Mexico's Insecurity

The Transported Assets Protection Association's two-day meeting in San Diego this month looking at U.S.-Mexico cross-border security couldn't have been more timely.

The rising violence driven by warring drug cartels has turned some areas of Mexico into something resembling war zones, putting a grim cloud over the country and its efforts to reawaken the manufacturing that turned the region near the border with the United States into a hotbed of factory activity in the 1990s.

A story on the front page of The Washington Post the same week as the TAPA meeting underscored the questions surrounding security in Mexico, portraying the city of Monterrey as bordering on lawlessness.

Once the unofficial capital of the maquiladoras manufacturing plants a short drive from the U.S.-Mexico border, Monterrey now is the scene of a bloody battle between the Zetas and Gulf cartels for control of the state's drug networks.

Security executives and planners from major American manufacturers heard a similar story at the TAPA meeting, yet the picture they portrayed was far more complicated and did not necessarily provide the easy answer companies may want when trying to decide whether the lower direct manufacturing costs come at too high a price for safety and security.

Sam Logan, an author and expert in Mexico's drug wars and a consultant on corporate risk intelligence in Latin America, showed images and detailed statistics that gave a gruesome view of the growing violence as cartels battled for supremacy in parts of Mexico. But Logan also showed a map with very clear borders delineating where rival cartels are spreading violence and where there is relative peace.

Mexico, he said, "is a sea of tranquility with pockets of violence."

One of those pockets is Ciudad Juarez, the sprawling Mexican industrial city across the border from El Paso, Texas, and a stop on the way from Monterrey into the United States. The border area near Tijuana, too, has grown extremely rough, Logan said.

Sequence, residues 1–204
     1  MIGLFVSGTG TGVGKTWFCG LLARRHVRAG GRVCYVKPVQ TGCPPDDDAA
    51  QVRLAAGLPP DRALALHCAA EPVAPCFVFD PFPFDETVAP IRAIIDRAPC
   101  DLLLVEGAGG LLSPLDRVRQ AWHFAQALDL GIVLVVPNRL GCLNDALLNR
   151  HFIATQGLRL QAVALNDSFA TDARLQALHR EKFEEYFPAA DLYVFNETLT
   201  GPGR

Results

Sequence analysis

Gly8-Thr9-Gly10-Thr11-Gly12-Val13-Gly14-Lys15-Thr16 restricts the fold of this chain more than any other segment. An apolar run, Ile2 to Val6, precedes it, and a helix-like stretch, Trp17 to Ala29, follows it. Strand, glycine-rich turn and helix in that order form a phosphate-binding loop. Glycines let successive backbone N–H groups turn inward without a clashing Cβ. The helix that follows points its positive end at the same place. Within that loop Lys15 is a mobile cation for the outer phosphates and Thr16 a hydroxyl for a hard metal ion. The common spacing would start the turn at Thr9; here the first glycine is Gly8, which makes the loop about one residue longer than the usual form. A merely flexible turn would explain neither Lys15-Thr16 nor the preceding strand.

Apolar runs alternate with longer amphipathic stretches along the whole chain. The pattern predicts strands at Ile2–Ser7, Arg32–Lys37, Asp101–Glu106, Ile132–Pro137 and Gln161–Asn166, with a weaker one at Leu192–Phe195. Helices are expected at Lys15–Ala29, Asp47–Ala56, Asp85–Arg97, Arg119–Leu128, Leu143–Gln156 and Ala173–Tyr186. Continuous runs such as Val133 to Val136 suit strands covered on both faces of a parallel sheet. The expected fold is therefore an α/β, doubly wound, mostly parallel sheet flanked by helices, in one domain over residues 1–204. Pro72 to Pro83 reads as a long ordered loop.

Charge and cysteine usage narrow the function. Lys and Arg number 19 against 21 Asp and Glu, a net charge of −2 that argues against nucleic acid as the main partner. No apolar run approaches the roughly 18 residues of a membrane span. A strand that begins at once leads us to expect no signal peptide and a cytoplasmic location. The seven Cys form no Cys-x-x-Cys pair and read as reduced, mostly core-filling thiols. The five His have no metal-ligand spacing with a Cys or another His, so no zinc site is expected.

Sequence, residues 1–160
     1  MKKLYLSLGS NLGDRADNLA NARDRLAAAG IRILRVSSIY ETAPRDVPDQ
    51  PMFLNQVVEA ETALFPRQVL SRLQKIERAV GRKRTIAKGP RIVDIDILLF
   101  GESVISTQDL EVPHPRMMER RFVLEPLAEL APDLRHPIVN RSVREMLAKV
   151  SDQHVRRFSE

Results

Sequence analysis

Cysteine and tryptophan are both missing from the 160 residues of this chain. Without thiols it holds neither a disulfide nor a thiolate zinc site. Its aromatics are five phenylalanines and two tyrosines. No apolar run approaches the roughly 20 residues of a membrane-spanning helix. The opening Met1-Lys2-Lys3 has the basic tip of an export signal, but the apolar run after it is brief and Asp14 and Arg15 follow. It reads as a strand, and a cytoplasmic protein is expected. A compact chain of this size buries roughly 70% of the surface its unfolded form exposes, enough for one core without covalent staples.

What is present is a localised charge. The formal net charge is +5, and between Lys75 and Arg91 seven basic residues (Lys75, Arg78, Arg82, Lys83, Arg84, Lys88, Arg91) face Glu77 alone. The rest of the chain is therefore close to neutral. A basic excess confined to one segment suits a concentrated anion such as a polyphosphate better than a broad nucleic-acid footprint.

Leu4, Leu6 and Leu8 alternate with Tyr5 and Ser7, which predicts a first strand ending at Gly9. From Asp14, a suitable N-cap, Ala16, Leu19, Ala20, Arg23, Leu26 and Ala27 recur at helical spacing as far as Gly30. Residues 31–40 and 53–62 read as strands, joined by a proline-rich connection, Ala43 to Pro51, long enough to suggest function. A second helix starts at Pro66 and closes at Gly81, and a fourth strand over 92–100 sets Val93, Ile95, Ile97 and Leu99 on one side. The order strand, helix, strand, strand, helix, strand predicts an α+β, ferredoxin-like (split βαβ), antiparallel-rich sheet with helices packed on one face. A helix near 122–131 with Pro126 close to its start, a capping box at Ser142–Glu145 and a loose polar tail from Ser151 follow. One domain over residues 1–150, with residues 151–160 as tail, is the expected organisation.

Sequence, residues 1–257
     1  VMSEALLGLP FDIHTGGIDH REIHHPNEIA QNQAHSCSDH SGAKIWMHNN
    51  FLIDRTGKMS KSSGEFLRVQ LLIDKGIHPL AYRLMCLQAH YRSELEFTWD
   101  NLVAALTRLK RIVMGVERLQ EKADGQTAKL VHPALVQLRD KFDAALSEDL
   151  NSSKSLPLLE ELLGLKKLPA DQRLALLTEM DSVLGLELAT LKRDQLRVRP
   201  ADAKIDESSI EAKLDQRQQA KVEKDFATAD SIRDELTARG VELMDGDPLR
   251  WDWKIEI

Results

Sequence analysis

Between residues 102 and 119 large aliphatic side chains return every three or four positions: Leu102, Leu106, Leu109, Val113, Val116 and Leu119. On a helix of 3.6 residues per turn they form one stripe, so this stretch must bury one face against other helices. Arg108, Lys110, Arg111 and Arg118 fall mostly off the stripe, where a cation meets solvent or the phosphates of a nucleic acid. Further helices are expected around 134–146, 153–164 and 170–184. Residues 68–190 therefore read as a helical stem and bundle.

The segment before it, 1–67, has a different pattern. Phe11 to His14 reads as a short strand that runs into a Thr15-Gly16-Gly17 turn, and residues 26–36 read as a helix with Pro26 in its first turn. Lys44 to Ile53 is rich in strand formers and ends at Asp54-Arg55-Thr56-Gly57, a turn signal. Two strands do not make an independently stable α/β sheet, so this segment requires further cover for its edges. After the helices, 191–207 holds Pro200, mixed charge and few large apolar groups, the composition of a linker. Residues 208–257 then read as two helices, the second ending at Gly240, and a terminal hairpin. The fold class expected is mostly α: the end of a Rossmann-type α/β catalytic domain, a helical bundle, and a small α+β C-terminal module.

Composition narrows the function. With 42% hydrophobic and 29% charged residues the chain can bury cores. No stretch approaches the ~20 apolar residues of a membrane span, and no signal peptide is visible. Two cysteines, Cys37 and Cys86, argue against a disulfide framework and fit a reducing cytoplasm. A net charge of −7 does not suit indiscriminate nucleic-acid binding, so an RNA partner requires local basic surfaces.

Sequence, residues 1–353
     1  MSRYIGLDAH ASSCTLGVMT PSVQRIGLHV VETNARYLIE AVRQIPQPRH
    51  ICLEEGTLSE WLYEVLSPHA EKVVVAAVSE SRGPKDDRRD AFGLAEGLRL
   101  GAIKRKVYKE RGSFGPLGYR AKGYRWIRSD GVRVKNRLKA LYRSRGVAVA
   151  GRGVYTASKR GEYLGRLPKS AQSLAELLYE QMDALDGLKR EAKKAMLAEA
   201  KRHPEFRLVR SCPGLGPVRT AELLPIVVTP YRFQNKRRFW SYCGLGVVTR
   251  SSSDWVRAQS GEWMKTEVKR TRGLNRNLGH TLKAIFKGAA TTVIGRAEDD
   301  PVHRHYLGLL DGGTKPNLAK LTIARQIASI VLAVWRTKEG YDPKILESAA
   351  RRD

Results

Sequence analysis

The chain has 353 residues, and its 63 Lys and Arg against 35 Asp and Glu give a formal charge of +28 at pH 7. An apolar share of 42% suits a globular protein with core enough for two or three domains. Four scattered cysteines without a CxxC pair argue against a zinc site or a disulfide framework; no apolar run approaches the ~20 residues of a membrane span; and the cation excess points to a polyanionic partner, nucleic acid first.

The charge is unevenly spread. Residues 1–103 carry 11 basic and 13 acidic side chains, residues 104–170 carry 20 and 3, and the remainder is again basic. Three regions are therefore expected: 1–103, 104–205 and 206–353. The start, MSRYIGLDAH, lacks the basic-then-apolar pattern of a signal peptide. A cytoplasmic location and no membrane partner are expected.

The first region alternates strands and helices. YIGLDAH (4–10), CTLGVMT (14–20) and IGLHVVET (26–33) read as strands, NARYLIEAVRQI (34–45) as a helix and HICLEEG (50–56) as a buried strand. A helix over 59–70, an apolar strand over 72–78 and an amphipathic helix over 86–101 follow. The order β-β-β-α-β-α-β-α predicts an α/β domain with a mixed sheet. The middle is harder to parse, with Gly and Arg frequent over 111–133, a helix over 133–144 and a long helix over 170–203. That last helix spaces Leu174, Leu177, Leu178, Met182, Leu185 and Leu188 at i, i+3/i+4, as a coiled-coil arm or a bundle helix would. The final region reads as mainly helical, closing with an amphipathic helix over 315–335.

It's unclear whether Mexico has lost business because of the cartel violence. The Post story notes Eurocopter recently backed away from a plan to build a $500 million plant in Monterrey. The plant will go to Mexico, only it will be built in the central Mexican state of Queretaro.

An official with the State Department's Overseas Security Advisory Council presented a similarly divided view of the country.

This official, who asked that he not be identified, noted cartel soldiers who do not care about bystanders had spread fear in various part of the country with brazen assassinations and shootouts in populated areas.

The OSAC office said a survey of foreign companies doing business in Mexico showed 45 percent said they had seen some impact from cartel violence, but 55 percent had seen no impact.

The impact, the OSAC official said, was largely indirect - the violence discourages private sector investment and discourages business travelers from traveling to Mexican cities.

And OSAC said its unofficial survey of homicide rates across Latin America showed Mexico far behind other countries, even with the drug violence. The rate of 18 deaths per 100,000 residents in Mexico was less than half the rate in Belize (44) and the rate was four times higher in Venezuela (75) and Honduras (77).

And a security official at a major electronics manufacturer told the TAPA meeting about the very aggressive security actions the company takes to guard goods that move from Los Angeles to Mexico, where it stages goods at its main Latin American hub and employs contract manufacturers.

This electronics company certainly is aware of the violence around Monterrey, where some of its components are made, but sees a line between the cartel violence and the theft the company guards against.

"We have not seen an uptick of cargo theft in Mexico, or at least we don't believe we are seeing anything tied to the cartel activity," said this official, who asked not to be identified.

The company is continually assessing its risks. "But at least at this time, and certainly this can change, we don't feel that the cartel activity, the violence, is having an impact on our transiting activity in Juarez," this official said.

Still, this company believes it might be cheaper to locate a distribution center on the Mexico side of the border, but they are not moving that operation from the U.S.

-- Contact Paul Page at ppage@joc.com .

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